Characterisation, Modification and Mathematical Modelling of Sudsing

Lead Research Organisation: University of Manchester
Department Name: Chem Eng and Analytical Science

Abstract

An integrated research programme is described treating thecharacterisation, modification and mathematical modelling of sudsing:the research will elucidate the fundamental science underpinninglaundry detergent products. The foamability of a primary surfactantin admixture with co-surfactants, polymers and fatty soildrops/particles will be measured, and correlated with interfacialtransport properties of foam films. Formulations which foam well willbe targeted. Optical, drainage and rheological properties of the bulkfoams formed during sudsing will be measured and characterised.Bubble scale modelling will be used to describe bubble shapes andstability. Finally continuum level mathematical models of sudsing,described in terms of average foam properties (foam volume, averagebubble size, average liquid content), will be developed incorporatingthe key research findings.

Publications

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Tong M (2011) Drainage and stability of 2D foams: Foam behaviour in vertical Hele-Shaw cells in Colloids and Surfaces A: Physicochemical and Engineering Aspects

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Ran L (2011) Characterisation, modification and mathematical modelling of sudsing in Colloids and Surfaces A: Physicochemical and Engineering Aspects

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Embley B (2011) Viscous froth simulations with surfactant mass transfer and Marangoni effects: Deviations from Plateau's rules in Colloids and Surfaces A: Physicochemical and Engineering Aspects

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Jones S (2011) Two-dimensional constriction flows of foams in Colloids and Surfaces A: Physicochemical and Engineering Aspects

 
Description * the presence of calcium mixed into a surfactant solution leads to the production of mesophases, that hinder surfactant transport and suppress foaming,

* the presence of sebum soil mixed into surfactant solution also greatly hinders foaming (the effects of sebum can be reproduced by a simple particle-oil mixture)

* in many cases, quasistatic simulations reproduce stress fields in flowing foam experiments,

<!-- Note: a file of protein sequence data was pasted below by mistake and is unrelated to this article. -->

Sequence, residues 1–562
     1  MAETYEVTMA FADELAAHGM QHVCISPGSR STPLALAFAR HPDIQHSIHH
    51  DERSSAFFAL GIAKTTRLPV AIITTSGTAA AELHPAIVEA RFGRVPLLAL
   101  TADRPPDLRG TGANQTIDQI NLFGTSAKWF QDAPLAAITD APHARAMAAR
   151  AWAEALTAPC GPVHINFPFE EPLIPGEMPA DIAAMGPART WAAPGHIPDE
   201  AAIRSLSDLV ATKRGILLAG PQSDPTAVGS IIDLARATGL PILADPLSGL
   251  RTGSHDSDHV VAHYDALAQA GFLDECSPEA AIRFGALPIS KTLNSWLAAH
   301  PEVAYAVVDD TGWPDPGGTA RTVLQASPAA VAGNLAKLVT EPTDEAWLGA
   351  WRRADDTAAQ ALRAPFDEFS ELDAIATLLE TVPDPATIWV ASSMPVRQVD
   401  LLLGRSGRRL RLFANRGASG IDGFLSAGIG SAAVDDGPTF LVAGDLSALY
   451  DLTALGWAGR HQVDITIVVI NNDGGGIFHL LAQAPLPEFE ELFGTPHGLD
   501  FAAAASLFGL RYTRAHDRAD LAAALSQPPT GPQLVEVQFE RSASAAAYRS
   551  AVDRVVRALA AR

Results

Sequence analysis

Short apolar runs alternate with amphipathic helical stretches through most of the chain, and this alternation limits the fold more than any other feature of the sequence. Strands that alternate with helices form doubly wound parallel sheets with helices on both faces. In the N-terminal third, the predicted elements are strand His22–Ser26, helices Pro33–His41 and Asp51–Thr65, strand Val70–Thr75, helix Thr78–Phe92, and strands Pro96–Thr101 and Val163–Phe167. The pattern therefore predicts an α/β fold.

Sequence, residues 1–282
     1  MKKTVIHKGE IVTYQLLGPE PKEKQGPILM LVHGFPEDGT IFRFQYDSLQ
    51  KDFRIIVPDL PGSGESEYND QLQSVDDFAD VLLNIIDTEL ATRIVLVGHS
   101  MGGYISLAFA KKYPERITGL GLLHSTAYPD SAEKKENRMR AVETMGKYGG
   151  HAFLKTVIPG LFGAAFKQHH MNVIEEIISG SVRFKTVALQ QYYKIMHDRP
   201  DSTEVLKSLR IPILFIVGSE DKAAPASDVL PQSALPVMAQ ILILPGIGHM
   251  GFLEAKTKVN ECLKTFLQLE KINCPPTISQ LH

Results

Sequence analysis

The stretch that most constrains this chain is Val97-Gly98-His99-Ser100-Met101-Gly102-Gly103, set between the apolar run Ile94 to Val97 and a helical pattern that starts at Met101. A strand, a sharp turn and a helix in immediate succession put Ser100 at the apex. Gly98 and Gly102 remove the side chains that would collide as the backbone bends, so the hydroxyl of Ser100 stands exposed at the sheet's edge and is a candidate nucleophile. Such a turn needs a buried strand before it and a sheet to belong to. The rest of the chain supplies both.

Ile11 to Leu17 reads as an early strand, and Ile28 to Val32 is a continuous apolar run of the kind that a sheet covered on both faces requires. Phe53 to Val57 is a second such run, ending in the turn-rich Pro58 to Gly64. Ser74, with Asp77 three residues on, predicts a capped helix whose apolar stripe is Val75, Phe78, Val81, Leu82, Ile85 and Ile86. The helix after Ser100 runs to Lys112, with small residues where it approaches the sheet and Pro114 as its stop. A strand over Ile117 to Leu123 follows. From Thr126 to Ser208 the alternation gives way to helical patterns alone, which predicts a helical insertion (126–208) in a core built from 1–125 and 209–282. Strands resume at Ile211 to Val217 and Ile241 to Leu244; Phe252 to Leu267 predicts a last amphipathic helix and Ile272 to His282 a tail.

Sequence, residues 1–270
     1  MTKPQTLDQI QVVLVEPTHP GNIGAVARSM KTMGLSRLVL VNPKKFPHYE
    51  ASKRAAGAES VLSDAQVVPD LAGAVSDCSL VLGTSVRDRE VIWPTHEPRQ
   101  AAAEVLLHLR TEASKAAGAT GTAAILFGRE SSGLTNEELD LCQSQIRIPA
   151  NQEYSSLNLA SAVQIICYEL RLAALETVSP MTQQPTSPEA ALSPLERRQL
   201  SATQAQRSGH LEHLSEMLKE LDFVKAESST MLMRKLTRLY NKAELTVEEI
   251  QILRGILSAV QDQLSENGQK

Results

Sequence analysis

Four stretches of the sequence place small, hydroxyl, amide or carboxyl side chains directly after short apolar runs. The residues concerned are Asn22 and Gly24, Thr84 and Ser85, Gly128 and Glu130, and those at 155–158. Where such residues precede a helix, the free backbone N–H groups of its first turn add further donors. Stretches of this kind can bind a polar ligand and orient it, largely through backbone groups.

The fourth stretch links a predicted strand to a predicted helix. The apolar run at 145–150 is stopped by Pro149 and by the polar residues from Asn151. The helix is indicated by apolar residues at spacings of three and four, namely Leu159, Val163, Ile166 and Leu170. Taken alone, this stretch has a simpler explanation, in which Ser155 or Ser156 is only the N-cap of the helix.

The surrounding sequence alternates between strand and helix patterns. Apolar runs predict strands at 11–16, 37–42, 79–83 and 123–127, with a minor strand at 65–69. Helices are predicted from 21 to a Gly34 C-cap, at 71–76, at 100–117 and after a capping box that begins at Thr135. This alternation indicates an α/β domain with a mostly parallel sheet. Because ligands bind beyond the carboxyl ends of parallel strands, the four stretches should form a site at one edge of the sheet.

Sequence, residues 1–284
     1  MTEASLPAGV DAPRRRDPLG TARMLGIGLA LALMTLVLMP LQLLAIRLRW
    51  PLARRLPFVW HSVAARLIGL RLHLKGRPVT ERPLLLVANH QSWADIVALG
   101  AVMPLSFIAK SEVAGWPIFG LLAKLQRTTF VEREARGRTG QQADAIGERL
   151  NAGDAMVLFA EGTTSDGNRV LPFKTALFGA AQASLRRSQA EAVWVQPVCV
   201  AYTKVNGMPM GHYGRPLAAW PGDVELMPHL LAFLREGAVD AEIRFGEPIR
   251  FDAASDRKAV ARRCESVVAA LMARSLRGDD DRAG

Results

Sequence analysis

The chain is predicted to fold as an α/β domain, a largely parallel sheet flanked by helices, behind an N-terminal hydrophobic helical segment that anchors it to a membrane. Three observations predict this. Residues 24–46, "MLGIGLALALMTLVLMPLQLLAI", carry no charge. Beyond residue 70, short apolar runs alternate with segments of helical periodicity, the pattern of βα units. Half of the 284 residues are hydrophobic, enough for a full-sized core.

* for faster foam flows however, it is necessary to consider the effects of surfactant accumulation on foam flow,

* a capillary-suction based model for film failure rates in foam predicts the experimental evolution of the bubble-size distribution.
Exploitation Route This was a collaboration with a partner in industry. The industrial partner is well placed to use the project outcomes. This was a collaboration with a partner in industry. The industrial partner is well placed to exploit the project outcomes.
Sectors Chemicals

 
Description Work from the project (Colloids and Surfaces A, vol. 382, pp. 50--57, 2011) has been referenced in research pertaining to antifoaming in biogas reactors: see Kougias, Tsapekos, Boe and Angelidaki (2013), Water Research, vol. 47, pp. 6280--6288. Other project work (Colloids and Surfaces A, vol. 382, pp. 8--17, 2011) has also been mentioned in a major review of foam rheology: see Cohen-Addad, Hohler and Pitois (2013), Annual Review of Fluid Mechanics, vol. 45, pp. 241--267 More project work (Colloids and Surfaces A, vol. 382, pp. 18--23, 2011) has been referenced in a study of foam in porous media with applications to enhanced oil recovery: see Liontas, Ma, Hirasaki and Biswal (2013), Soft Matter, vol. 9, pp. 10971--10984 Yet more project work (Colloids and Surfaces A, vol. 382, pp. 42--49, 2011) has been utilised to help to optimise the process of froth flotation: see Cole, Brito-Parada, Xu, Neethling and Cilliers (2012), Chemical Engineering Research and Design, vol. 90, pp. 2196--2201